The Hollywood Violence Tax

This is a guest post from Reel Change reader Michael E. Douroux.

Have decades of finger pointing and complaining altered in any way how the entertainment industry, centered in Hollywood, is cultivating and marketing — particularly to our young — gratuitous, graphic violence as a socially acceptable form of mainstream entertainment?


I spent 25 years as a literary agent representing writers, directors, producers and cinematographers in motion pictures and network prime-time television.

What moves Hollywood is not complicated.

It’s time to remove ideological barriers which have the people’s business stuck in no man’s land — in favor of special interests — and actually get something done.

Balance | Consistency

For those who are proponents of redistributed wealth for the betterment of society, how about a different type of VAT, or Violence-Added Tax, on both the purveyors and consumers of violent media to help fund the mental health care system?

We put heavy tax on tobacco to discourage use; we can do the same for gratuitous violence.

Just this past November in Cook County, Ill — the county that includes Chicago — the Board of Commissioners passed a “violence tax” on gun sales to defray uninsured hospital costs.

If the costs to society from obesity, diabetes, etc., is the premise of those who want to regulate what is fed to bodies, the social costs of mind-feeding hi-octane violence — again, particularly to our young who are the most vulnerable — is on the table.

And let’s cut through the stall tactic of pitting one scientific study against another with a simple question: Would advertisers pour billions into popular media if it had no impact on behavior?


Ozzie and Harriet

The Nelsons were not up against today’s technology.

How can a smart device check I.D.?  MPAA and ESRB ratings have become nothing more than false PR fronts.

It is glaringly obvious that parents — despite all best efforts — are now at a built-in disadvantage as far as controlling what their children are exposed to way before they are ready to handle it. The violence peddlers know this — more importantly, they count on it to drive sales!

Is the village going to continue to look the other way or step in and give a helping hand?

Hollywood’s Golden Age of Gratuitous Hypocrisy

We get how in the name of “art” it is part of the free market of ideas to both cultivate and appeal to prurient interests as the path of least resistance to big box office.

However, as far as owning the personal responsibility that goes with it, it’s interesting to watch how Hollywood’s elite are now desperately trying to twist, turn and distract their way out of the hypocritical trap they have placed themselves in.

It really does take a trained actor to stand before a camera with a straight face and plead for controlling gun violence while down the street at the local cineplex they’re on the big silver screen blasting away.

Any national debate over violence in America that does not join at the hip Hollywood’s cash cow of glorified, romanticized human slaughter will be just another slick political exercise in hypocritical nothingness.

Jack Reacher

“Marketing Murder”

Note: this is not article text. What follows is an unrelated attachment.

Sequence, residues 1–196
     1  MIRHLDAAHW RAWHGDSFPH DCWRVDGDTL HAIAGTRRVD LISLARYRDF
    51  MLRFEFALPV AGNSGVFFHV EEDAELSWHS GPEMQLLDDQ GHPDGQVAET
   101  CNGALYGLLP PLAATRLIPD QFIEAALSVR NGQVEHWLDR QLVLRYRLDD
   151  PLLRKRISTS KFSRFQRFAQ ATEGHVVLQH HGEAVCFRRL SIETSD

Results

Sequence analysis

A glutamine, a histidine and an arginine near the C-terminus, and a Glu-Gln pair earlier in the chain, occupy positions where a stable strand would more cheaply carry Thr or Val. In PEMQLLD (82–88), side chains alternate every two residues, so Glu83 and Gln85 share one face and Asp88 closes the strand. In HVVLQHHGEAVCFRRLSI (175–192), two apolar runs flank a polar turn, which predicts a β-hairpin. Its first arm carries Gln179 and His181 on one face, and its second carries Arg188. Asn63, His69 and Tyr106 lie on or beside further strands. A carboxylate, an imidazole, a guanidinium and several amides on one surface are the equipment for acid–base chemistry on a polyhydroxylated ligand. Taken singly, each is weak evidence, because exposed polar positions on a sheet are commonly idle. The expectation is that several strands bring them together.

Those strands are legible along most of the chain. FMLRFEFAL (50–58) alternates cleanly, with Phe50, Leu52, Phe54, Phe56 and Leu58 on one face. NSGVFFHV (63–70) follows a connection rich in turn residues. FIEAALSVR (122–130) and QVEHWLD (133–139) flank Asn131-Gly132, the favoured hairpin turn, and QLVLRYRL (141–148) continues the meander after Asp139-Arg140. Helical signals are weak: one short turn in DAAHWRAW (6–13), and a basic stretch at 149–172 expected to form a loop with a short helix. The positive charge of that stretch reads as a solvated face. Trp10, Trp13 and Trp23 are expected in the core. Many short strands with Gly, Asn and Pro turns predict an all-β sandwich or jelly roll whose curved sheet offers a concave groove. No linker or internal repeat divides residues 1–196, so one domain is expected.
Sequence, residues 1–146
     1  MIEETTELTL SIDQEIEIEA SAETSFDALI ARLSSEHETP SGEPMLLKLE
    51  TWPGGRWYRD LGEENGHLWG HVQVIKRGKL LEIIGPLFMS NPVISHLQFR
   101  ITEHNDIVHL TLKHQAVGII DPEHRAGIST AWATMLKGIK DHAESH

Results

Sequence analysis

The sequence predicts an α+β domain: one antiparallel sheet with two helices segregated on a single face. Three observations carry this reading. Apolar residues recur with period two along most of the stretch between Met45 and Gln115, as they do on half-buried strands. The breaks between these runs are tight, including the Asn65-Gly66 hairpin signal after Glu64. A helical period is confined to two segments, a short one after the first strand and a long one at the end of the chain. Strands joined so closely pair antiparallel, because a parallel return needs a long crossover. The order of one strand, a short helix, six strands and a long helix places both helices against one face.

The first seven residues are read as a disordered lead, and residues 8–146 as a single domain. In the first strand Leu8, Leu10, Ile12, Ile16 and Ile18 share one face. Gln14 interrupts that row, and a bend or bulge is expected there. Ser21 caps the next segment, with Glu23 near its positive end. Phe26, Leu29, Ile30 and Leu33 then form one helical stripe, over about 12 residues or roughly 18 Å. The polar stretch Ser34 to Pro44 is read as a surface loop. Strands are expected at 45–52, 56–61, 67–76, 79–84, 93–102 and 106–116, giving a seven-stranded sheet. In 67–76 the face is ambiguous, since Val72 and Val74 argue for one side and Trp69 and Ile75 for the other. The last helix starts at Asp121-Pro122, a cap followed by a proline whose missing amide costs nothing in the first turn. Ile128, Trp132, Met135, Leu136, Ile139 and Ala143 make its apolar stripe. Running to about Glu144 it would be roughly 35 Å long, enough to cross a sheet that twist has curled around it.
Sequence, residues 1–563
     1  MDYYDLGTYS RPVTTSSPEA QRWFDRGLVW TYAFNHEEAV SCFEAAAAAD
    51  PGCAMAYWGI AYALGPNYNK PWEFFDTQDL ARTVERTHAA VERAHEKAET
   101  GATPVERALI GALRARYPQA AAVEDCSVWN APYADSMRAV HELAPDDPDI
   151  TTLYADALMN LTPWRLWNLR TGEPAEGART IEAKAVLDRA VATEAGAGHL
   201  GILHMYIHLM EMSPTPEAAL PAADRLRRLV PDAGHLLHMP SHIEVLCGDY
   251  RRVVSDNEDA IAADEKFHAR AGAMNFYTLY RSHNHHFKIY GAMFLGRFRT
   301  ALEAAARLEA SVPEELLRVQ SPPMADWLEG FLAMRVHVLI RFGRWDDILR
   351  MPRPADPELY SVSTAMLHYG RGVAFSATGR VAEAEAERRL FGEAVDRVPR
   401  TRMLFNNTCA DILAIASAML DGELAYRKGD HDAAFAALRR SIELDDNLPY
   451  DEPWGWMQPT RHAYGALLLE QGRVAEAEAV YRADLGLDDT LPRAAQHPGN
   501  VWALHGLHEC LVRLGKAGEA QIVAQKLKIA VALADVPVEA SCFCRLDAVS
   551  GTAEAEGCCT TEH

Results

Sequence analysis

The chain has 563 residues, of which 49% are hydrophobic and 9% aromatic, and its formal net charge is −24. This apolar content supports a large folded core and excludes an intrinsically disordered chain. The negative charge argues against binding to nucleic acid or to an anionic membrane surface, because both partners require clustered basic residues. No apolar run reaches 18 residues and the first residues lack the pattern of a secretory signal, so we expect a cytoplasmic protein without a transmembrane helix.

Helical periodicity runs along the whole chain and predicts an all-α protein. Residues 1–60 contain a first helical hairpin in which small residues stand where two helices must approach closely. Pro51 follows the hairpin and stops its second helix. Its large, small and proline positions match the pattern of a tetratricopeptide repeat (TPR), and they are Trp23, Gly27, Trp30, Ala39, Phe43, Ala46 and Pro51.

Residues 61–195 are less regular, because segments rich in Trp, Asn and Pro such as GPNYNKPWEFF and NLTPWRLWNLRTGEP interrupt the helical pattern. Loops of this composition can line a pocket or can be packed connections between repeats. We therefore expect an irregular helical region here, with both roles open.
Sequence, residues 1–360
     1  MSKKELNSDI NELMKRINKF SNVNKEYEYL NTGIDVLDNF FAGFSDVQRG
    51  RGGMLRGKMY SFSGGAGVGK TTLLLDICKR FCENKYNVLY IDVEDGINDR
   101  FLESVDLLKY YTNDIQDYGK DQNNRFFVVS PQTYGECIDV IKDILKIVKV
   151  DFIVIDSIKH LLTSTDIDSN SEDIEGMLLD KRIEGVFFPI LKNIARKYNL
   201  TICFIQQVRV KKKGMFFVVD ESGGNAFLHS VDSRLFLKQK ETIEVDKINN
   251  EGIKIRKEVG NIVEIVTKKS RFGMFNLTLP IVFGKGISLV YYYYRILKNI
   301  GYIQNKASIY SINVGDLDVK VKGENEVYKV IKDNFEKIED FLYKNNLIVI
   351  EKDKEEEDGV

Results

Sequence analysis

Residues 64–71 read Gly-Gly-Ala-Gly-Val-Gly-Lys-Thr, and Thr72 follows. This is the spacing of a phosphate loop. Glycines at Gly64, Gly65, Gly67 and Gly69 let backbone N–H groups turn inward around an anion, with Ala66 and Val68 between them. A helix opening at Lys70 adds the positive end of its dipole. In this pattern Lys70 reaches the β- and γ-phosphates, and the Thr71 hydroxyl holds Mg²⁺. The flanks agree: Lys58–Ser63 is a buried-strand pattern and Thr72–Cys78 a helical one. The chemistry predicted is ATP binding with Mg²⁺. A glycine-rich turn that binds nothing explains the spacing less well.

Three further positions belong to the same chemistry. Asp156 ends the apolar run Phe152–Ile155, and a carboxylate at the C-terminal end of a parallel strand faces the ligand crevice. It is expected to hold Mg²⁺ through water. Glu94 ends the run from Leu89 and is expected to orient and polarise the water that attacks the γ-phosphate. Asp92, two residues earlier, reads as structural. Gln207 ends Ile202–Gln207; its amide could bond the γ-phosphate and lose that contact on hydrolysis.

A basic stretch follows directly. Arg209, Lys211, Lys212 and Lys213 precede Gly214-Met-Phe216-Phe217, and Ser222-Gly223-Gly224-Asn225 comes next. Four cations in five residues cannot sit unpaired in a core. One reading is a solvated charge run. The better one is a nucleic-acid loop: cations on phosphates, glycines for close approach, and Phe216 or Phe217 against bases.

The weekend after the Dec. 14 shootings in Newtown, Conn. — which left 26 people dead, including 20 children — Obama aide David Axelrod tweeted, “In NFL post-game: an ad for shoot ’em up video game. All for curbing weapons of war. But shouldn’t we also quit marketing murder as a game?”

When it comes to selling murder as a game, human beings are fair game?  Imagine, if the target of on-screen violence were animals, would it be tolerated?


First, headlines from the mainstream media have narrowly framed the national debate under the banner of ‘Gun Control.’  Common sense calls for effective gun regulations that will actually reduce violent crime.  But other major components of what we are facing such as mental health care, preventive law enforcement and the pervasive culture of media violence are equally important and deserve top-line billing.

To be more accurate and comprehensive in approach, reframing the debate under the banner of ‘Violence in America’ would better serve everyone.  However, make no mistake about it, to do so would open a Pandora’s box that Hollywood wants kept sealed at all costs.

Taking on political and social opponents is expected, but are the institutional players really capable of acting independently by standing up and confronting the power of the media’s crown jewel, Hollywood; or, will they lockstep — and by omission — do its bidding?  According to the unwritten rules, the latter.  And let’s draw a circle around the fact that major stakes in Hollywood are held on both the left and right sides of the political/social spectrum.

Second, up to this point, all appeals for some decency and self-restraint on the part of the violence peddlers have been gunned down by naked greed.  So, if greed is the clear driver of a problem that is poisoning our culture every second of every day, let’s get real about a solution that deals directly with greed on its own terms.

It’s time to put a real game-changer on the table; it’s time to put a tax on violent media to the test.

Check out the Los Angeles Times article from 1999 entitled “Violence Tax Can Stem the Killing” by Peter Navarro.

Michael E. Douroux

Corona del Mar, CA

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